Good article. The key question is whether and how the Abrams movie fans can be used as a core audience to build a new series around. And he's right that, like it or not, an animated series is the most likely option.
Maybe that can still be a path to a live-action TV series. There won't be huge audience expectations so if an animated series does attract, say, a few million fans, that would be impressive and keep it going. Then you've got the fans corralled in one place, both old fans and new, and can eventually market a live action show to them.
The important thing is to keep the awareness generatd by Abrams' movies from dissapating. Casual fans are reminded of Star Trek
once every few years, but once the movies are over, awareness will sink once again. A new show must be launched whle the movies are still generating millions of dollars worth of publicity. The biggest threat to the franchise is not oversaturation but the opposite.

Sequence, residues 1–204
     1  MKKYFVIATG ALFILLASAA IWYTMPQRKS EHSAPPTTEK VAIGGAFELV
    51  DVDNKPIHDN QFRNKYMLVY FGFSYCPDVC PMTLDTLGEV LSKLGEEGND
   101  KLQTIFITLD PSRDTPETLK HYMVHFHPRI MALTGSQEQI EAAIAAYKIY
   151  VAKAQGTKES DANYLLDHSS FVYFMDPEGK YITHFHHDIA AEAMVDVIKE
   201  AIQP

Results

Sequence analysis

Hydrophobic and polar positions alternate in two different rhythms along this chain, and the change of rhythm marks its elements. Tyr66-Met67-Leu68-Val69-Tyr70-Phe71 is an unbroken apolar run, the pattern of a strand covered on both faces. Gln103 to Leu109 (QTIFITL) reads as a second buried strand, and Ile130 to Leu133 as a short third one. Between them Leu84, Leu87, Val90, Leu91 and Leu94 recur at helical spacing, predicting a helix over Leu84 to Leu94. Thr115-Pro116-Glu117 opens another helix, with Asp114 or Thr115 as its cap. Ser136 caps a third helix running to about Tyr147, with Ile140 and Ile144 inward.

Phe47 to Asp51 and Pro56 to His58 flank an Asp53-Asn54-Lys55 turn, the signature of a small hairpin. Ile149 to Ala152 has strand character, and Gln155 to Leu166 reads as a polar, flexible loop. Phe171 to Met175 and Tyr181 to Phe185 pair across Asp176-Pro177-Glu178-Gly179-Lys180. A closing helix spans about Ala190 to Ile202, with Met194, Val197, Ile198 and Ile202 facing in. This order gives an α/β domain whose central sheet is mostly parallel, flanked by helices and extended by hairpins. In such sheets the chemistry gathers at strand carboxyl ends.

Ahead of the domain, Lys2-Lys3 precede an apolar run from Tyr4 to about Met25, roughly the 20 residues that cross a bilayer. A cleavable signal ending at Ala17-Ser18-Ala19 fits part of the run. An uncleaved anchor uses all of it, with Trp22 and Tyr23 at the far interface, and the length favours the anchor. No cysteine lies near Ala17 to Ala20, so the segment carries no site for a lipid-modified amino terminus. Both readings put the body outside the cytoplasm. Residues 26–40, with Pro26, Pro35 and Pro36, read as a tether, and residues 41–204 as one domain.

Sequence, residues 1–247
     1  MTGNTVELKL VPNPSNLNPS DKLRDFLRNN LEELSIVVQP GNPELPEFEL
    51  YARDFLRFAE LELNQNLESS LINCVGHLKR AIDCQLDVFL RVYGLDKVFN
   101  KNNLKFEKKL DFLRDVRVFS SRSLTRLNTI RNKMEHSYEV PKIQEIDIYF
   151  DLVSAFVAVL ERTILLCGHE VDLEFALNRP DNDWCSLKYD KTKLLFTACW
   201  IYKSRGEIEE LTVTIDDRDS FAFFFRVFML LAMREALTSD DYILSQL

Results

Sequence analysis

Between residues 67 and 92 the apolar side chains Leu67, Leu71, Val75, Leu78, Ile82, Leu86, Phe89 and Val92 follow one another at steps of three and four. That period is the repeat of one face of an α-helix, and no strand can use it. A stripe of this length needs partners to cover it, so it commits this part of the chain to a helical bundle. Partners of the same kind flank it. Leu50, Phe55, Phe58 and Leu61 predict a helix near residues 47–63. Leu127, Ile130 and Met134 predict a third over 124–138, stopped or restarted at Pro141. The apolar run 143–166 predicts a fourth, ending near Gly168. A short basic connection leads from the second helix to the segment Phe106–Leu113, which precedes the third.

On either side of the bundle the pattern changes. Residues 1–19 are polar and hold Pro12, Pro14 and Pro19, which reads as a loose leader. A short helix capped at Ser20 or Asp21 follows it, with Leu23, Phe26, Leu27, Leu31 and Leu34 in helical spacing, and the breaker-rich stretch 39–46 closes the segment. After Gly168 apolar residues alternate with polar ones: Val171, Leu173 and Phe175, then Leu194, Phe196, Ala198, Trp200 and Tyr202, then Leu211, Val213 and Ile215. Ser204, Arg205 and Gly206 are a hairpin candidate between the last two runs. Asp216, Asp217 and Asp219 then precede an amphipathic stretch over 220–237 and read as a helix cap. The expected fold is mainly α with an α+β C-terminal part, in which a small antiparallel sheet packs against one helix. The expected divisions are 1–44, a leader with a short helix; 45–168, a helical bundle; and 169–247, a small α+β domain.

But is Paramount really the one making $$ off the T-shirts? I thought that was CBS.
The business angle is tricky but creatively, there's no issue. There are plenty of stories for Star Trek
to tell, it's a whole galaxy and a few centuries as your canvas! The Clone Wars
has demonstrated that an animated series could be made primarily for kids but still appeal to adults. It's also possible they'd flip that around and air it late at night, with primarily an adult appeal.
An animated series would also make an anthology format more do-able since the same small group of voice actors could play many roles. i like this really expansive vision here:
Go forward thousands of years past Kirk and Spock, do an anthology show with different ships and crews on different missions, do a Starfleet Academy show, do a Starfleet Black Ops show… There’s lots of “space” to play in.